Laura Ingalls Wilder

(2377 words)

One of the most beloved authors of children’s literature, Laura Ingalls Wilder has acquainted generations of readers with life as a pioneer in the American west. Her work is also noteworthy for its chronicles of women on the frontier, a perspective that needed voicing. Scholars have examined her work as literature, historical record, historical fiction, and autobiography and numerous biographies have been written for a wide variety of audiences, many of which explore how and where Wilder’s Little House books deviate from historical record. Her work, including not only the Little House books, but also the television shows, movies about her life, and the many books offering fictionalized accounts of her ancestors’ and …

Please log in to consult the article in its entirety. If you are a member (student of staff) of a subscribing institution (see List), you should be able to access the LE on campus directly (without the need to log in), and off-campus either via the institutional log in we offer, or via your institution's remote access facilities, or by creating a personal user account with your institutional email address. If you are not a member of a subscribing institution, you will need to purchase a personal subscription. For more information on how to subscribe as an individual user, please see under Individual Subcriptions.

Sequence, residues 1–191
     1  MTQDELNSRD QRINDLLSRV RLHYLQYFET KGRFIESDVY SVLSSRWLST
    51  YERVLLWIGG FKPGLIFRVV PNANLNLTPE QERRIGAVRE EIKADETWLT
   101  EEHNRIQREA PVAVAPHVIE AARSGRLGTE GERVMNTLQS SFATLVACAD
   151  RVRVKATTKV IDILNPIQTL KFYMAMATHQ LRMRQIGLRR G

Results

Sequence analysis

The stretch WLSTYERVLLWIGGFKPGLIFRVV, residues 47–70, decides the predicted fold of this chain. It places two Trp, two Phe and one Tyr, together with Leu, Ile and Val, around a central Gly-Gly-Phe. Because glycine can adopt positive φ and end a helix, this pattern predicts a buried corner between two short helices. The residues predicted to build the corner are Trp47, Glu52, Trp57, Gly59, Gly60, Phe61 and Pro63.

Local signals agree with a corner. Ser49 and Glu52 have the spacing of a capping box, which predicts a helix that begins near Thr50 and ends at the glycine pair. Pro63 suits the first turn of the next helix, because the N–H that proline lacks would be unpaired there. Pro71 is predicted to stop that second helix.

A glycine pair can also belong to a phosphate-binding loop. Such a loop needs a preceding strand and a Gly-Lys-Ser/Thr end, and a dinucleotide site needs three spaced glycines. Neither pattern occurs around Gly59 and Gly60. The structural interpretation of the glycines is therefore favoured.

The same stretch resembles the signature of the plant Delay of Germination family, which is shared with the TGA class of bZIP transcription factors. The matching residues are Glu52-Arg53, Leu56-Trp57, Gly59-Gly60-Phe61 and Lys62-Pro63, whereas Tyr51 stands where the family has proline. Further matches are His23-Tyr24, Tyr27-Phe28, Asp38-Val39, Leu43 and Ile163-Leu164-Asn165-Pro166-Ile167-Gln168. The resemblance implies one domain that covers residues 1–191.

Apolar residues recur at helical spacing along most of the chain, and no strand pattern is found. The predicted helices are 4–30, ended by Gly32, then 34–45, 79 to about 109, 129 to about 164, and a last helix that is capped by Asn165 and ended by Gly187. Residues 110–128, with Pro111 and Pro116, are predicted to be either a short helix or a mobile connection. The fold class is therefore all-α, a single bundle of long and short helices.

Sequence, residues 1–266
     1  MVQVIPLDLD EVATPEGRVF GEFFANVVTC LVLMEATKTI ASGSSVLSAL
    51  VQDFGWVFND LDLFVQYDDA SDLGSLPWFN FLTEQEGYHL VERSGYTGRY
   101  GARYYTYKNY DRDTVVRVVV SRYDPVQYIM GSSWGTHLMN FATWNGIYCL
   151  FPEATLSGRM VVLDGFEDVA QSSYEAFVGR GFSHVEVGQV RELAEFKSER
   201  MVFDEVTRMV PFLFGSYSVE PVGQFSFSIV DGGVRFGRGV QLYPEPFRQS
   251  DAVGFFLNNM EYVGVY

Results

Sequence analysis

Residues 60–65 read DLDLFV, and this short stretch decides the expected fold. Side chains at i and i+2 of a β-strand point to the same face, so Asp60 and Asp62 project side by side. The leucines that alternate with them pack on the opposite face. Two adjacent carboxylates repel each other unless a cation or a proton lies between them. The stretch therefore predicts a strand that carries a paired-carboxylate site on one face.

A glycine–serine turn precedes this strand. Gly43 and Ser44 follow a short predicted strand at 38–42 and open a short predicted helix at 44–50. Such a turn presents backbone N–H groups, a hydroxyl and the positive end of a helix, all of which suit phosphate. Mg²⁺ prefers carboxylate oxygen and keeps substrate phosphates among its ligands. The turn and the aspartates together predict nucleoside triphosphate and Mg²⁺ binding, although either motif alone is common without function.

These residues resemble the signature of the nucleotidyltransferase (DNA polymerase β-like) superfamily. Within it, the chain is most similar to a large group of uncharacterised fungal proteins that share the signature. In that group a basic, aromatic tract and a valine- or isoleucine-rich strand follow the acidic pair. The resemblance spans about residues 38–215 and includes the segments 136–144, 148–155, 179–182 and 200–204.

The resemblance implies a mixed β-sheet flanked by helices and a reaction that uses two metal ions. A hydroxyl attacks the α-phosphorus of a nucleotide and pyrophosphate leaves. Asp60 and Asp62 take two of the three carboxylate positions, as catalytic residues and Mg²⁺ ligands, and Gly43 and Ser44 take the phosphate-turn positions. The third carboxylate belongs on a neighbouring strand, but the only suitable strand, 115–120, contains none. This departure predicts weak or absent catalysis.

Larkin, Susan. "Laura Ingalls Wilder". The Literary Encyclopedia. First published 23 March 2009
[, accessed 30 September 2016.]

Related Groups

  1. Children's Literature